Python: Test AB and CD are orthogonal or not
Python Basic - 1: Exercise-55 with Solution
There are four different points on a plane, P(xp,yp), Q(xq, yq), R(xr, yr) and S(xs, ys). Write a Python program to test AB and CD are orthogonal or not.
xp,yp, xq, yq, xr, yr, xs and ys are -100 to 100 respectively and each value can be up to 5 digits after the decimal point It is given as a real number including the number of. Output:
Output AB and CD are not orthogonal! or AB and CD are orthogonal!.
while True: try: print("Input xp, yp, xq, yq, xr, yr, xs, ys:") x_p, y_p, x_q, y_q, x_r, y_r, x_s, y_s = map(float, input().split()) pq_x, pq_y = x_q - x_p, y_q - y_p rs_x, rs_y = x_s - x_r, y_s - y_r rs = pq_x*rs_x + pq_y*rs_y if abs(rs) > 1e-10: print("AB and CD are not orthogonal!") else: print("AB and CD are orthogonal!") except: break
Input xp, yp, xq, yq, xr, yr, xs, ys: 4.5 -2.5 -2.5 4.5 3.5 3.5 3.8 -3.5 AB and CD are not orthogonal!
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Python: Tips of the Day
How to make a flat list out of list of lists?
Given a list of lists l
flat_list = [item for sublist in l for item in sublist]
flat_list =  for sublist in l: for item in sublist: flat_list.append(item)
is faster than the shortcuts posted so far. (l is the list to flatten.) Here is the corresponding function:
flatten = lambda l: [item for sublist in l for item in sublist]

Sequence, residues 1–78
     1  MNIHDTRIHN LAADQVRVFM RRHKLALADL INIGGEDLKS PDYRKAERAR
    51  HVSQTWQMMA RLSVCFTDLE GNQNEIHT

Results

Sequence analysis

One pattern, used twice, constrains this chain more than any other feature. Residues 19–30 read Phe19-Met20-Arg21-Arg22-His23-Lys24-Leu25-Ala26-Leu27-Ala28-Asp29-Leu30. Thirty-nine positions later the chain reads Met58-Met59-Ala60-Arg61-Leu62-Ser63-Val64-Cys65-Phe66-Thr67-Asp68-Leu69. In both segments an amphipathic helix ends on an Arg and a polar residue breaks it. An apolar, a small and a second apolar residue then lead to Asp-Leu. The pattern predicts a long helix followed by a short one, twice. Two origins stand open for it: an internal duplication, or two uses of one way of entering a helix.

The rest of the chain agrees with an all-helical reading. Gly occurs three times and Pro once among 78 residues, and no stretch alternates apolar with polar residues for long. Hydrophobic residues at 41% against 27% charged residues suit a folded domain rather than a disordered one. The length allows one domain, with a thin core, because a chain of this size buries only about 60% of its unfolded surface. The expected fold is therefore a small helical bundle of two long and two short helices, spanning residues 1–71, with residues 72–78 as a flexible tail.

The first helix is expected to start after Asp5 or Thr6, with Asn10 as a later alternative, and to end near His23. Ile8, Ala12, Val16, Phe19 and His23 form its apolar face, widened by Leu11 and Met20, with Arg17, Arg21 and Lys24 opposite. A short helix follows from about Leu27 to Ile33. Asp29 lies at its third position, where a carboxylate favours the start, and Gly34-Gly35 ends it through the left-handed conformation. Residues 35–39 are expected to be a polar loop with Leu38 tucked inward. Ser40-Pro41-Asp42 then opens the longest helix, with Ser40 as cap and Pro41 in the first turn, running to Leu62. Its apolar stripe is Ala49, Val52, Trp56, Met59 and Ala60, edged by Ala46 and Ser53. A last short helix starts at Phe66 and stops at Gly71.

As evidence, you can use the timeit module in the standard library:
$ python -mtimeit -s'l=[[1,2,3],[4,5,6], , [8,9]]*99' '[item for sublist in l for item in sublist]' 10000 loops, best of 3: 143 usec per loop $ python -mtimeit -s'l=[[1,2,3],[4,5,6], , [8,9]]*99' 'sum(l, )' 1000 loops, best of 3: 969 usec per loop $ python -mtimeit -s'l=[[1,2,3],[4,5,6], , [8,9]]*99' 'reduce(lambda x,y: x+y,l)' 1000 loops, best of 3: 1.1 msec per loop
Explanation: the shortcuts based on + (including the implied use in sum) are, of necessity, O(L**2) when there are L sublists -- as the intermediate result list keeps getting longer, at each step a new intermediate result list object gets allocated, and all the items in the previous intermediate result must be copied over (as well as a few new ones added at the end). So, for simplicity and without actual loss of generality, say you have L sublists of I items each: the first I items are copied back and forth L-1 times, the second I items L-2 times, and so on; total number of copies is I times the sum of x for x from 1 to L excluded, i.e., I * (L**2)/2.
The list comprehension just generates one list, once, and copies each item over (from its original place of residence to the result list) also exactly once.
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